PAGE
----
Obviously each day is different depending on terrain, distance to be covered, trail conditions and the pace of the group. However, as a guide, most days begin with breakfast at 7am. You will then need to pack up your duffle bags before breakfast, as porters will set off early. Most days you will be on the trail by 8am to take advantage of the cool morning. Stop for a leisurely lunch around noon. This is generally about 2 hours, allowing plenty of time to explore the village or relax. The afternoon walk is shorter and you usually arrive around 4pm leaving time for excursions to nearby sites, exploration of the village or simply relaxing with a book and catching up on your diary. Dinner is generally around 7pm after which relax by the fire.

 

What you carry

Your dufflebag is restricted to 15kgs. The duffle bag is carried by porters and is not available to you during the day. Your daypack should contain all that you need during the day. This generally consists of warm clothing, water bottle, camera gear, sunscreen, lip salve etc. Your guide will let you know each evening of any extra items you will need for the following day. If you have a comfortable daypack you load will only be a few kilograms and hardly noticeable.

 

Food

No meals are included.

In Kathmandu restaurants of every style and price-range abound.

On the trek meals are available in tea houses, lodges and bhattis with limited menus. Meals are generally simple, but filling, but you may wish to stock up on ‘trail munchies’ before leaving Kathmandu.

 

Accommodation

Accommodation in Kathmandu is on a twin share basis with private facilities.

Whilst trekking accommodation is in lodges and teahouses and is of a basic standard. Rooms may be twin or multi share with basic shared toilet facilities. Showers are available in some places for a small charge.

 

Trekking Staff

The Guide is in overall charge of the trek and looking after you. This is the person you should go to with all problems, concerns and questions. All our guides are highly trained in all aspects of trekking, conservation, high altitude medicine, first-aid and emergency procedures. They are professionals selected for their knowledge and passion for Nepal and its peoples, remember they are local guides and their English may be basic and limited to trek-related topics.

Porters transport your dufflebags – one porter for every two trekkers.

 

Trek Grading

It is impossible to have a ‘foolproof’ grading system as everyone has different expectations and perceptions of their own fitness level. Remember that no trek in the Himalaya is a stroll as all involve going up and down at altitude and that altitude affects everyone differently. Regardless of age or fitness, preparation before you arrive is essential. Aerobic activity, swimming, cycling or brisk walking is recommended or, at the very least, walk up and down stairs in your trekking boots.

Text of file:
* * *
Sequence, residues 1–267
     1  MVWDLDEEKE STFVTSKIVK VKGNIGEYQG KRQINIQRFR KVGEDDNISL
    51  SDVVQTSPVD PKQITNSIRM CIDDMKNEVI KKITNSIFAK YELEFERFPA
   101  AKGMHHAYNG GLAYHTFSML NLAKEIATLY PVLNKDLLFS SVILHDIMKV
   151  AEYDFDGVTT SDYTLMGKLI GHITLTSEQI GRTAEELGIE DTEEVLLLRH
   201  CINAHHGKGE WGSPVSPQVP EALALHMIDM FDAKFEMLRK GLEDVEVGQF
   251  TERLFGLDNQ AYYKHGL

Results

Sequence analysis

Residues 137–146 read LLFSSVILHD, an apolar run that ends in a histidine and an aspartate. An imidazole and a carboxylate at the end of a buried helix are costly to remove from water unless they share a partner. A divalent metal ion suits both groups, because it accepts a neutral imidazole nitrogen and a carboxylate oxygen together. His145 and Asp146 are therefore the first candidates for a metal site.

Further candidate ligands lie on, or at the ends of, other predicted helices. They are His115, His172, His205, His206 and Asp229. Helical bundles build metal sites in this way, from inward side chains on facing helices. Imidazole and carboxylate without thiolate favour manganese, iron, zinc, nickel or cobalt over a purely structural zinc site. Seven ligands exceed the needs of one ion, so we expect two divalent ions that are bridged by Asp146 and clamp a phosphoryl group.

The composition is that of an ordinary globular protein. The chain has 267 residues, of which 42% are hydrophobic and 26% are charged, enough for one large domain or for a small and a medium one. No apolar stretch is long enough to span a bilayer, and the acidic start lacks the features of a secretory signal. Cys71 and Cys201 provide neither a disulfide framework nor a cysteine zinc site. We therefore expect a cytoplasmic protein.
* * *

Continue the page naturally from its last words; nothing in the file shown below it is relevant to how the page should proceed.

Helambu is a Grade 2 trek involving altitudes of around 3000m and days of 4-6 hours walking.

 

What is Included

  • Accommodation Kathmandu - twin share

  • Accommodation on trek. Twin or multi share.

  • All domestic transport as listed in itinerary

  • All National Park entrance fees

  • All Trekking Permits and fees

  • Porters to carry personal gear 2 porters

  • 15kg luggage allowance while on trek

  • Duffle Bag for your gear

  • Sleeping Bag

  • Trek guide

  • Comprehensive medical kit

What is not Included

  • Personal expenses such as drinks, postage, laundry

  • Meals

  • International flights and departure taxes

  • Visa and passport fees

  • Travel insurance

  • Emergency evacuation

  • Tips and gratuities

  • Costs arising from unforeseen events outside the control of Altavista Treks & Expedition Pvt.Ltd

Money

It is best to bring a mixture of cash and travelers checks in major currencies - USD, CAD, EUR, AUD - and ensure you have a mixture of large and small denominations.

Everyone’s spending is different, but as a guide we suggest USD5-7 per meal in Kathmandu and USD 10 per day whilst trekking (if you drink or smoke this could be higher). Shopping is difficult to predict, but most people buy more than they intended.

You should exchange enough money into Nepalese Rupees to last the entire time of your trek before leaving Kathmandu, as there are no exchange facilities in villages along the way.

 

Tipping

Tipping is a personal and voluntary matter and tips are not included in the trip price. If you wish to reward the efforts of those who have worked to make your trek the best they can we suggest the following: USD2 per day for groups of 8+, USD3 per day for smaller groups - this will be shared amongst the whole staff, including porters.

 

Insurance

It is essential that you take out comprehensive travel insurance prior to your trek. Your travel insurance must provide cover against personal accident, medical expenses, emergency evacuation and repatriation (including helicopter evacuation) and personal liability. We also recommend that it cover cancellation, curtailment and loss of luggage and personal effects.